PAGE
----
I.P. Cory on Paganism
” … But the internal heresies of the Church were not the only ill effects which the misguided zeal of the fathers, in forcing upon Plato the doctrine of the Trinity, brought about.
Though it is possible, that by pointing out some crude similarity of doctrine, they might have obtajned some converts by rendering Christianity less unpalatable to the philosophical world of that day, yet the weapon was skilfully turned against them, and with unerring effect, when the Pagans took upon them to assert that nothing new had been revealed in Christianity; since, by the confessions of its very advocates, the system was previously contained in the writings of Plato.
In the third century, Ammonius Saccas, universally acknowledged to have been a man of consummate ability, taught that every sect, Christian, Heretic or Pagan, had received the truth, and retained it in their varied legends. He undertook, therefore, to unfold it from them all, and to reconcile every creed.
And from his exertions sprung the celebrated Eclectic school of the later Platonists. Plotinus, Amelius, Olympius, Porphyrius, Jamblichus, Syrianus, and Proclus, were among the celebrated professors who succeeded Ammonius in the Platonic chair, and revived and kept alive the spirit of Paganism, with a bitter enmity to the Gospel, for near three hundred years.
The Platonic schools were at length closed by the edict of Justinian; and seven wise men, the last lights of Platonism, Diogenes, Hermias, Eulalius, Priscianus, Damascius, Isidorus and Simplicius retired indignantly from the persecutions of Justinian, to realize the shadowy dreams of the republic of Plato, under the Persian despotism of Chosroes.16
From the writings of these philosophers is collected the bulk of the Oracles of Zoroaster. A few of them were first published by Ludovicus Tiletanus at Paris, with the commentaries of Pletho, to which were subsequently added those of Psellus. Chief part of them, however, were collected by Franciscus Patricius, and published with the Hermetic books at the end of his Nova Philosophia.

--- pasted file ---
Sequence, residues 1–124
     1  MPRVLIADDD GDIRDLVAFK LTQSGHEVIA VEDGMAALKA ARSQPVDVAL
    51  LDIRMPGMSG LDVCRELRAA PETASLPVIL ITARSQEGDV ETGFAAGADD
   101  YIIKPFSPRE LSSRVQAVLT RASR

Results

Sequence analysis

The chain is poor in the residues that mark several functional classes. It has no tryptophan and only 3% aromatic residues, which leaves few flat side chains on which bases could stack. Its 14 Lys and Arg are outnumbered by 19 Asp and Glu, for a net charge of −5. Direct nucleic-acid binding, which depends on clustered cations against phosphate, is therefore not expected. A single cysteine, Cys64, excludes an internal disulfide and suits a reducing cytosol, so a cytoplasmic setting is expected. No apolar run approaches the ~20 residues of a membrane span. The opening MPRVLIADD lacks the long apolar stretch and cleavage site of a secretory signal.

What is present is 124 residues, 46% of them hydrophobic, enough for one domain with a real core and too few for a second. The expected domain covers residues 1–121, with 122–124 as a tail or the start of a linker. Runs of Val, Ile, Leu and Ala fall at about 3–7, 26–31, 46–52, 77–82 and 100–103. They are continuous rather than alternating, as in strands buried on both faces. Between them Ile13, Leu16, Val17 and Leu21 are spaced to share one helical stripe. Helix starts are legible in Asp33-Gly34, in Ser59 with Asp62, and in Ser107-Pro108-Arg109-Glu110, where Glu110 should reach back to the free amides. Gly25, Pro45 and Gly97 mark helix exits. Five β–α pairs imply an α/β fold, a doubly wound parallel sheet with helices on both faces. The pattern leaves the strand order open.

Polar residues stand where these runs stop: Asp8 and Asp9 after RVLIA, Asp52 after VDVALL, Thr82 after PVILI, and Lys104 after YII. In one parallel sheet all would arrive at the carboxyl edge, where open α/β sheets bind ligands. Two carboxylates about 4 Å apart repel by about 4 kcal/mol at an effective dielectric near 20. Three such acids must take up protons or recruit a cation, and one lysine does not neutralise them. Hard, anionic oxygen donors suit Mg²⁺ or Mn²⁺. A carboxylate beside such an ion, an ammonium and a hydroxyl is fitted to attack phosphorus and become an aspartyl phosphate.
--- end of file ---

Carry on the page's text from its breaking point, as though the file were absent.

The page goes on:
To the labours of Mr. Taylor we are indebted for the addition of about fifty more, and for the references to the works from whence all were extracted. I have arranged them according to the subjects, which are said to be occultly discussed in the Parmenides of Plato, viz.: Cause or God, the Ideal Intelligible or Intellectual world, Particular Souls, and the Material world.
And I have placed under a separate head the Magical and Philosophical precepts and directions. There can be no question but that many of these Oracles are spurious; all those, for instance, which relate to the Intelligible and Intellectual orders, which were confessedly obtained in answers given by dæmons, raised for that purpose by the Theurgists;17 who, as well as all the later Platonists, made pretensions to magic, not only in its refinements, which they were pleased to designate Theurgy, but also in that debased form which we should call common witchcraft.
Nevertheless, several of the Oracles seem to be derived from more authentic sources, and, like the spurious Hermetic books which have come down to us, probably contain much of the pure Sabiasm of Persia, and the doctrines of the Oriental philosophy.”